Adm. Mullen: Pakistan Nukes Secure But…

Pakistani paramilitary maintain a position on a high post in the troubled area of Pakistan's Lower Dir district, Sunday, April 26, 2009. Pakistan launched an operation against militants Sunday in a district covered by a government-backed peace deal, threatening the survival of a pact that raised U.S. concerns about the country's willingness to confront the insurgents. (AP Photo/Ruhullah Shakir) AP Photo/Ruhullah Shakir

The Pentagon's top military officer said Monday that he is comfortable that Pakistan's nuclear weapons remain secure, but is gravely concerned about Taliban advances there and in Afghanistan.

Adm. Mike Mullen, chairman of the Joint Chiefs of Staff, told reporters that the United States has worked with the Pakistanis to improve the security of their nuclear arsenal and he believes that country's military is focused on keeping them secure.

While he acknowledged that there is a limit to what the United States knows about the nuclear weapons, he believes that Pakistan's military leaders understand the threat if it falls into the insurgents hands.

"I know what we've done over the last three years, specifically, to both invest, assist (Pakistan), and I've watched them improve their security fairly dramatically over the last three years," Mullen said.

He said he does not believe that Pakistan's nuclear weapons will fall into the hands of terrorists. But when asked if he would say he is confident - rather than just comfortable - with the state of Pakistan's nuclear security, he stuck with the latter.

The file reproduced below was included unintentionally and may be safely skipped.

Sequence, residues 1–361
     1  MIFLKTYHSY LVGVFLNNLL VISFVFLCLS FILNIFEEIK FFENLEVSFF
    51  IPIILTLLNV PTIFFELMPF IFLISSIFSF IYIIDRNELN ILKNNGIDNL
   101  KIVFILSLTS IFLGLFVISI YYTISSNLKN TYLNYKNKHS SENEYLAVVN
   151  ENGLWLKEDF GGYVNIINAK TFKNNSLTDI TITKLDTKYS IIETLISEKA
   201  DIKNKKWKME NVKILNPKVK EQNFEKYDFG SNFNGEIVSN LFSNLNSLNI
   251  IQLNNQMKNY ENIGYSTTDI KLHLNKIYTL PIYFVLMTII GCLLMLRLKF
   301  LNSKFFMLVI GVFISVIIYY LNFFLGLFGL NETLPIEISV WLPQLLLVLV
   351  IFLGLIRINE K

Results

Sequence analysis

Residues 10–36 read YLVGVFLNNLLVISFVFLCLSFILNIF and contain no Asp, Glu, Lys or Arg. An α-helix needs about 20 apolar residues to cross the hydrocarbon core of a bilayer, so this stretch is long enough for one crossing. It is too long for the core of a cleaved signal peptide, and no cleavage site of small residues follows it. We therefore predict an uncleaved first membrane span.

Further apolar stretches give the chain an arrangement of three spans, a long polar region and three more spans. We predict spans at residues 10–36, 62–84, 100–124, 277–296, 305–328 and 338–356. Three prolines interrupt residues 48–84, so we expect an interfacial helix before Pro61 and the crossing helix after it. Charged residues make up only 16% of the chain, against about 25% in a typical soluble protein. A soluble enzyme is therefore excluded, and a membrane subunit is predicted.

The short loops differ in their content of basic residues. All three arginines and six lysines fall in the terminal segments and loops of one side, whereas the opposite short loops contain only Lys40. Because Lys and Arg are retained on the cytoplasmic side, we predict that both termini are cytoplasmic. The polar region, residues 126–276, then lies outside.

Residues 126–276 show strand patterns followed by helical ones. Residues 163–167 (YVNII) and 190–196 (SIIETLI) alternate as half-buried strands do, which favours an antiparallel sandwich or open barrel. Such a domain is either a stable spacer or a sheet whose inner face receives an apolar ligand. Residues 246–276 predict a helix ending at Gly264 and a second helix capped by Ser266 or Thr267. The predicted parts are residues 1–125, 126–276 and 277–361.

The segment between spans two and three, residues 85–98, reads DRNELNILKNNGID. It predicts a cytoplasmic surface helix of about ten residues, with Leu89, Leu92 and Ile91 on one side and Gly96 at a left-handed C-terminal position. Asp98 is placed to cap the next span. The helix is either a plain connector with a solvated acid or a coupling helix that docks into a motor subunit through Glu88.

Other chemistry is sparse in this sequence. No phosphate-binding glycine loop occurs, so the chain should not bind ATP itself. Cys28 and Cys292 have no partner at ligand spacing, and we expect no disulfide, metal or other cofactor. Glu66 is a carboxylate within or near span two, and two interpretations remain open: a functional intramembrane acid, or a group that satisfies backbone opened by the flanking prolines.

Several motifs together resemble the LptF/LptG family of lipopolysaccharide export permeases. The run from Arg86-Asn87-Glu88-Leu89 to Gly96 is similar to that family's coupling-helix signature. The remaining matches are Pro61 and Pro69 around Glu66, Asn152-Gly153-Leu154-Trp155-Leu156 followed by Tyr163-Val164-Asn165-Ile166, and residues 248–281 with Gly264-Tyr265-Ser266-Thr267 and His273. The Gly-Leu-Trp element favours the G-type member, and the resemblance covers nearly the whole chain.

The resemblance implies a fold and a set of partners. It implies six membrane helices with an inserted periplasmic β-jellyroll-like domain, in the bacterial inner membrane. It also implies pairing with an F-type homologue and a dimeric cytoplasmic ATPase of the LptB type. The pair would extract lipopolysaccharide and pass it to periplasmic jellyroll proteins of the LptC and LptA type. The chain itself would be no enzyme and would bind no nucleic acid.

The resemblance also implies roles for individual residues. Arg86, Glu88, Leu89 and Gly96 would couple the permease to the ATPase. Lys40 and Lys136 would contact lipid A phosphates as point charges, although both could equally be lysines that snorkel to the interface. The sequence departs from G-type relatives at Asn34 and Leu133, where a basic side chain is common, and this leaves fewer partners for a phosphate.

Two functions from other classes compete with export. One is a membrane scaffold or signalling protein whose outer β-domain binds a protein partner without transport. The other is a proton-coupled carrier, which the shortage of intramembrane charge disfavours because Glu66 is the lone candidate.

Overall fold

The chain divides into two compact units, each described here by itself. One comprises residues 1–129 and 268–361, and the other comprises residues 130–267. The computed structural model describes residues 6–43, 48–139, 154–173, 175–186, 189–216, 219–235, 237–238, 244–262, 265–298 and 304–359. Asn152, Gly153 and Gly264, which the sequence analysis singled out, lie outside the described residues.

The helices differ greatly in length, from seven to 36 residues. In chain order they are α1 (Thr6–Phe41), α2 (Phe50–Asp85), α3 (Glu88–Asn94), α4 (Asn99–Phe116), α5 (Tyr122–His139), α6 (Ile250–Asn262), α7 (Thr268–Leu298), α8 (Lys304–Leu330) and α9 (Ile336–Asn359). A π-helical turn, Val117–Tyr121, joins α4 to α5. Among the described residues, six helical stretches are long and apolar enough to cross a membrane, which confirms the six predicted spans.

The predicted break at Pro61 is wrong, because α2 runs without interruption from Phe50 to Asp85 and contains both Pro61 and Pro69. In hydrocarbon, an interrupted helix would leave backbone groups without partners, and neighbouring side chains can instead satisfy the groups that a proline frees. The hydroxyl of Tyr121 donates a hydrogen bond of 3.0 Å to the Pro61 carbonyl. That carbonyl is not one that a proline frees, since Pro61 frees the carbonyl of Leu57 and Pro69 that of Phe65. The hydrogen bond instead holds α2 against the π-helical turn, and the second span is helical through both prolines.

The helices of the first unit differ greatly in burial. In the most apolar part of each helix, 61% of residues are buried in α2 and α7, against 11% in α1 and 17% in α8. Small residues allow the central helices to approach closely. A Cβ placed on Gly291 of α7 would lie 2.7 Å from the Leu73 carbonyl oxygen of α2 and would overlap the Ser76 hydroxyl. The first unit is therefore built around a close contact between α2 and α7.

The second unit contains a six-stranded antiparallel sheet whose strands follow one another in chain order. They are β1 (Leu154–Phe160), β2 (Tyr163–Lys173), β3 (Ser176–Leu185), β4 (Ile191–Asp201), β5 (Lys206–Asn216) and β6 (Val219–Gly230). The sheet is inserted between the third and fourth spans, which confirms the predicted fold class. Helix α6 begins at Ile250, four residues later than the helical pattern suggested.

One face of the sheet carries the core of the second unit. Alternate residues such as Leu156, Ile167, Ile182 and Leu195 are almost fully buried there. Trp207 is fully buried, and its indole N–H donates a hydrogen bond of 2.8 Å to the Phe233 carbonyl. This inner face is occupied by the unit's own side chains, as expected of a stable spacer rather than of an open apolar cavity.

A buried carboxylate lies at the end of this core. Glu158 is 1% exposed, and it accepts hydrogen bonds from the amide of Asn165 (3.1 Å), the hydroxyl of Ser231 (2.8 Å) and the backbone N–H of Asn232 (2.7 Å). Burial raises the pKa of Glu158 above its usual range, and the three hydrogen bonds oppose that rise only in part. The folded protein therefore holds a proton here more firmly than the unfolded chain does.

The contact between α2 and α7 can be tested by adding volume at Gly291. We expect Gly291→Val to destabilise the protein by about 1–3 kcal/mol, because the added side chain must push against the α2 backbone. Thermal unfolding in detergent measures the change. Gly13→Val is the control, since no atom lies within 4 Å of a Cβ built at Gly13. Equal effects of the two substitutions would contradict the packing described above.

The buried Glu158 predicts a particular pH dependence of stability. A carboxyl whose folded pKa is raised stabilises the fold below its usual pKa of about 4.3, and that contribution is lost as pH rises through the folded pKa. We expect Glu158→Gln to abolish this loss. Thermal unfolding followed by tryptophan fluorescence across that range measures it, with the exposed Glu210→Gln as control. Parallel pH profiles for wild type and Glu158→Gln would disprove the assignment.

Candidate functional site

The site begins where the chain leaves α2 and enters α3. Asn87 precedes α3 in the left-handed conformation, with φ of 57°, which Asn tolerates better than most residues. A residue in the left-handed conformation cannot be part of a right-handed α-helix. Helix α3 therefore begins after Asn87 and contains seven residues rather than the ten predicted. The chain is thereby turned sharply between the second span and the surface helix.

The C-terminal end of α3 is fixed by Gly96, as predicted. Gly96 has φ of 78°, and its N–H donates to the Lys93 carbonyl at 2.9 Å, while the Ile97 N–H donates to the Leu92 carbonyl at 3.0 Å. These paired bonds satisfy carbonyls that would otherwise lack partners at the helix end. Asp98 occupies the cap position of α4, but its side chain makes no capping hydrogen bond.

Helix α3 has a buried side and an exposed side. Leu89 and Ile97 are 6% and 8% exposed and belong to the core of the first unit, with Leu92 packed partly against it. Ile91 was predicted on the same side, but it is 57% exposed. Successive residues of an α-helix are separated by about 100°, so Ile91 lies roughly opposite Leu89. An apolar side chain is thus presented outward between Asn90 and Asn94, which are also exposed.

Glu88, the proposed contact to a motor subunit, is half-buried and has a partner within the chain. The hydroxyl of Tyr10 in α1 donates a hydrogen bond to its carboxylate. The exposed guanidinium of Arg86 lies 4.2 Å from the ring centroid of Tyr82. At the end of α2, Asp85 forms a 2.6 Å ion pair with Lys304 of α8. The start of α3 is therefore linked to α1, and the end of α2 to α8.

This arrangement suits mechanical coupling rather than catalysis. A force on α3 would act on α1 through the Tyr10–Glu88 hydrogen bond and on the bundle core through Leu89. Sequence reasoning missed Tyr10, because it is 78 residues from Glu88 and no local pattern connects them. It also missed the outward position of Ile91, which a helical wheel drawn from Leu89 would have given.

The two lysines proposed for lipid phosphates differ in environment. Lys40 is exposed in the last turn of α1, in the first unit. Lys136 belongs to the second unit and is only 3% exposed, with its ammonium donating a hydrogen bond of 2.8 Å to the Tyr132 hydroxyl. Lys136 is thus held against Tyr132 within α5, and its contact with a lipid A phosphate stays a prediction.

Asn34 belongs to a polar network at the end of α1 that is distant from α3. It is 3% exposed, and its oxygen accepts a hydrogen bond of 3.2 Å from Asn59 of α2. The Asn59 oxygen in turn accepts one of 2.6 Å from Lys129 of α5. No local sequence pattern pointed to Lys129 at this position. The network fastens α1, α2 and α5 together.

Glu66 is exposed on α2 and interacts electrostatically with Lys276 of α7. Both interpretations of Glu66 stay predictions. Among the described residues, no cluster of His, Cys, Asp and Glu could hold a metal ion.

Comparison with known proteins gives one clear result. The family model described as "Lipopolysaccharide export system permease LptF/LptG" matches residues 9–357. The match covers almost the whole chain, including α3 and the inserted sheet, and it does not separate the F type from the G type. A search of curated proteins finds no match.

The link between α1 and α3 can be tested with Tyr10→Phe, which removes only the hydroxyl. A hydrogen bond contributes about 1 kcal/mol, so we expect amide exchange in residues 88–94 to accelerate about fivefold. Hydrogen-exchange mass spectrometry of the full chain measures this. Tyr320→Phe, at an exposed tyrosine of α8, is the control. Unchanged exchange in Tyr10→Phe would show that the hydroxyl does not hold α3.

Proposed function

Instead, Mullen said his greater worry is Pakistan's ability to sustain their military operations, as Taliban violence surges in the region.

"I'm gravely concerned about the progress they (the Taliban) have made in the south and inside Pakistan," Mullen said. "The consequences of their success directly threaten our national interests in the region and our safety here at home."

U.S. administration and military leaders have said that success in the Afghanistan war is linked to security in Pakistan. And officials will meet this week with leaders from both countries. Part of those meetings will focus on setting benchmarks for economic, political and military progress there.

Mullen would not detail the benchmarks under discussion, but he said that the U.S. must have patience as it works to solidify a relationship with Pakistan, that can lead to a more secure region.

"We're just going through a very hard time right now in building it, and that's going to take considerable effort," said Mullen, adding that it also will take "an extended period of time to get this right."

Defeating the militants in Pakistan is critical to U.S. success on the Afghan side of the border, Mullen told CBS News chief foreign affairs correspondent last week.

"There is a direct relationship," he said.
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